City's new recruits get the most out of Africa
Sunday 26 July 2009
Winning South Africa's Vodacom Challenge was never likely to dislodge the banner which has been a fixture at Old Trafford's Stetford End since around the start of the millennium and presently reads, "33 years" – the number since Manchester City last won a serious trophy – but Mark Hughes would have valued delivering to Abu Dhabi just the scintilla of prestige which the tournament offers.
Instead, Manchester City lost for the second time in three games on tour yesterday, delivering Sir Alex Ferguson some self-satisfaction to awake to in Seoul. The trophy which United collected 12 months ago by thumping Kaizer Chiefs 4-0 was claimed not by the £115m assembled ranks of City but the self-same Chiefs after a 1-0 victory.
Hughes was in ebullient mood after a tour on which the bonding of his new players – a more fundamental requirement than results – has been self evident. Cast your eyes around the team hotel and you see that few of the new recruits are more popular than Roque Santa Cruz and that Gareth Barry, who comports himself like a future captain, has made it his business to know all his new team-mates.
Carlos Tevez is the worry. A player whose industry Hughes could have used here has turned his ankle after slipping in the shower in a hotel room, and though it is not a serious injury, this is contributing to the doubts over his appearance in next weekend's friendly against Barnsley.
Emmanuel Adebayor's sky blue boots suggested he was ready in every way for his debut. Arsenal fans were prepared to seek Adebayor out on the other side of the world with their banner: "Gooners celebrate, City – he is non refundable". They would have delighted, no doubt, in seeing the Togolese fire over after Barry had sent him through for City's best opportunity of this match.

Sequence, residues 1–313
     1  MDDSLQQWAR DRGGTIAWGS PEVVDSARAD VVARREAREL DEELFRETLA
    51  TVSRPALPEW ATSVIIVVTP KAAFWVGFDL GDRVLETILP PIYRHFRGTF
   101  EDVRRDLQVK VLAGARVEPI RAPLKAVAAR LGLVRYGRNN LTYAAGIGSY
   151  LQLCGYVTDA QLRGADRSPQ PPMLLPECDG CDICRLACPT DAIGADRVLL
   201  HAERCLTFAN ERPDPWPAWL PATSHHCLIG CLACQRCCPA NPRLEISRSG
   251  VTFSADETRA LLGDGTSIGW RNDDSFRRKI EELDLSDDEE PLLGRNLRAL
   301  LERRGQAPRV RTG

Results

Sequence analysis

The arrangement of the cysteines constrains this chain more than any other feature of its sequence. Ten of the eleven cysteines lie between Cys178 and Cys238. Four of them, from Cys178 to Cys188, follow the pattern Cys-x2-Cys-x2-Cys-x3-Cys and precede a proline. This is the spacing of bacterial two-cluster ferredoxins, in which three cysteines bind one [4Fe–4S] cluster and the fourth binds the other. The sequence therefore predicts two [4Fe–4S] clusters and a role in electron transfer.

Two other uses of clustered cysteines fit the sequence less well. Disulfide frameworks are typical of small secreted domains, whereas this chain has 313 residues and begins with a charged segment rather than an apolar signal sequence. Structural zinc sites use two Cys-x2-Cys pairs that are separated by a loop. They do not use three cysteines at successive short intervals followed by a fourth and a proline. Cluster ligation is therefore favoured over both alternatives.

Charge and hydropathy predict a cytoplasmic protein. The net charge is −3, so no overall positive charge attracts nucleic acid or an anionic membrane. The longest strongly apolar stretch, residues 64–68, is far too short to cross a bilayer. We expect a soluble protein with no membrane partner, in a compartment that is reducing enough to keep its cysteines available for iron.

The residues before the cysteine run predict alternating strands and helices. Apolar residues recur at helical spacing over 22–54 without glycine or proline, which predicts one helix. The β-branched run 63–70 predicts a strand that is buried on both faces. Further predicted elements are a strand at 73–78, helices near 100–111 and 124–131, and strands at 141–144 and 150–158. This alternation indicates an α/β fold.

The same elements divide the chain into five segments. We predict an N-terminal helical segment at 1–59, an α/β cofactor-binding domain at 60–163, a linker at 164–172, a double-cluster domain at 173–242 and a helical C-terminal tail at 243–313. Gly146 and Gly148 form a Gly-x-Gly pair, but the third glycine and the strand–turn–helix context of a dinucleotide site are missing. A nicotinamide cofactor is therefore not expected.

But Adebayor played the full 90 minutes of his first game of the pre-season and offered more aerial threat than City have been accustomed to in recent years, for the first half at least.
And what of the players who might yet join the band? The questions about John Terry have been relentless this past week but Hughes ploughed on. "A lot of the good players out there are at clubs who don't have to do business with us," he said. "If the players we want are those who won't move to any great extent then we go with what we have." That said, the deafening silence from the Chelsea camp in North America, regarding Terry's future, is encouraging his pursuers at City.
Hughes' last South African questioner asked him if he feared he might soon be sacked. "Every manager has expectation on them. We live with that. Maybe I lived with it more than most last season but I'm comfortable," Hughes responded.
When you're the biggest spending team in the Premier League, you cannot even relax in the pre-season.
Latest in Sport
Chelsea vs West Brom: Jose Mourinho turns on ‘Dr Sergio Ramos’ in Spanish spat
Prince Harry leads the congratulations for Lewis Hamilton in Abu Dhabi, calling him 'an absolute legend' as he crossed the finish line
WWE Survivor Series 2014: What time does the event start? And full card
Arsenal vs Manchester United player ratings: Who was the star man? Wayne Rooney or David De Gea?
Crystal Palace vs Liverpool player ratings: Dwight Gayle? Yannick Bolasie? Who stole the show at Selhurst Park?
- 1 Universities aren't working us hard enough, say undergraduates
- 2 Lego letter from the 1970s still offers a powerful message to parents 40 years later
- 4 Woman opens professional cuddling shop – gets 10,000 customers in first week
- 5 Grayson Perry: London needs affordable housing because 'rich people don't create culture'
Rochester by-election: Ukip gains second MP as Tory defector Mark Reckless holds seat
'Beast of Bolsover' Dennis Skinner takes Ukip MP Mark Reckless to task moments after he is sworn in
Rochester by-election: Labour MP Emily Thornberry resigns after posting white van and England flags tweet
France 'blocks' Russian sailors from boarding a warship
Rochester aftermath: Sacking of Emily Thornberry will make work of Labour MPs '10 times harder'
Revealed: How the world gets rich – from privatising British public services